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Title: Socio-Economic Factors Affecting Widows’ Participation in Small Scale Farming, Nyaribari Masaba Sub- County, Kisii County, Kenya
Authors: Mangoa, Lydia
Keywords: Socio-Economic Factors Affecting Widows’ Participation in Small Scale Farming, Nyaribari Masaba Sub- County, Kisii County, Kenya
Issue Date: May-2021
Publisher: Egerton University
Abstract: The agriculture sector supports the majority of livelihoods in Kisii County. However, the community is largely patriarchal which thus brings about conflicts on land use, ownership, and labor provisions. Women and widows are thus largely affected by these patterns of ownership which eventually affect their farming practices. Despite its vital importance, the sector is highly susceptible and sensitive to climate change and variability were small scale farmers more so the widows are disproportionately affected since their access to land, labor and credit are highly inhibited. Studies on widows in the agricultural sector have been inadequate and hence the need for this study. The aim of the study was to assess the effects of land, labour, and credit facilities on widows participating in small scale farming. The study was carried out in Nyaribari Masaba Sub- County, Kisii County. The area was selected because of data from the government agencies showed that there was a high number of widows practicing small scale farming. The study was grounded on Structural Functionalism and the Symbolic Interactionism theories. The study employed a mixed methods research design. The study population was 1749 widows who were practicing small scale farming. A sample size of 144 respondents was obtained using a proportionate stratified sampling procedure. Data was collected using key- informant interview schedules and semi-structured questionnaires. The data were analyzed qualitatively and quantitatively. The findings of the study were represented using narratives, text boxes, bar graphs, and frequency tables. From the study findings, majority of the participants agreed that their access to land was under threat. Further, the study found out that labour was available as it was provided mainly by household members and if they had to hire labour services, they were cheap and adequate. From the study findings, most of the participants agreed that there are significant numbers of micro-finance institutions that offered soft loans and credit for farming. The study therefore concluded that land access, labour access, and access to credit among widows was influenced by other factors such as access to collateral, education levels, culture, and government land policies. This study recommends that it is important to have land title policies that include the marginalized groups in society such as the widows to ensure their security in land ownership. Thus, this will, in turn, affect their access to labour and credit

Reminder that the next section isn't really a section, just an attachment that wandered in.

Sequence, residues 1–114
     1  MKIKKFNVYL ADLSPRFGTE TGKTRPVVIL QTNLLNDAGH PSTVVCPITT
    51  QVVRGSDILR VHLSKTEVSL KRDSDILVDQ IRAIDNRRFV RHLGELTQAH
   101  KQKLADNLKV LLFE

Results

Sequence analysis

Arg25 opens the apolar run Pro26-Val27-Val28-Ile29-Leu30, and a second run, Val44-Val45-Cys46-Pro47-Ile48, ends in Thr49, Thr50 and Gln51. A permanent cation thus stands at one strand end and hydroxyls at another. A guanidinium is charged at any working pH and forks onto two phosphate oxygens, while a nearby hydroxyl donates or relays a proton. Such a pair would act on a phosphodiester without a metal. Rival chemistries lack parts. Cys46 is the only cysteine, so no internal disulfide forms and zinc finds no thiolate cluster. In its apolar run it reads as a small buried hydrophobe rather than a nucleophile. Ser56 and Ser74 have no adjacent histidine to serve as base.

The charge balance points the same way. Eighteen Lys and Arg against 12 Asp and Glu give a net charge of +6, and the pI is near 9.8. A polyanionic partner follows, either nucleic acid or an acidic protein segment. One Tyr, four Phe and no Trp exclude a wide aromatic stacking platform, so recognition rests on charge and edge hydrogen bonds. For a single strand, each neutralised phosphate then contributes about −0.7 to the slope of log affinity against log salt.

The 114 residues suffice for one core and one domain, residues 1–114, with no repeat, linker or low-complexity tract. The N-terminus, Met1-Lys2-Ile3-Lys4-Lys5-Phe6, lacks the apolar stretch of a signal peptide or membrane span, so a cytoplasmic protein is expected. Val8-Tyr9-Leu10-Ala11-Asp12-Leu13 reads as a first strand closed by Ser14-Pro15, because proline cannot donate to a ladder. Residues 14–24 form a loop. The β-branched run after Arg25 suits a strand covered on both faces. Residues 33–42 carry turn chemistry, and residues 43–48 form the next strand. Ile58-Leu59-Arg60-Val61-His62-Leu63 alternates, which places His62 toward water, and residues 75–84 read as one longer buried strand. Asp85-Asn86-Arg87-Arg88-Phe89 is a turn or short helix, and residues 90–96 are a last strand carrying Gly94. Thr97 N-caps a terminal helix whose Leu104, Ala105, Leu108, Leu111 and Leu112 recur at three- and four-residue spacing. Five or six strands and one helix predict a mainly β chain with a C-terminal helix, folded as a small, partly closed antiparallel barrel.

Appears in Collections:Institute of Women Gender and Development Studies

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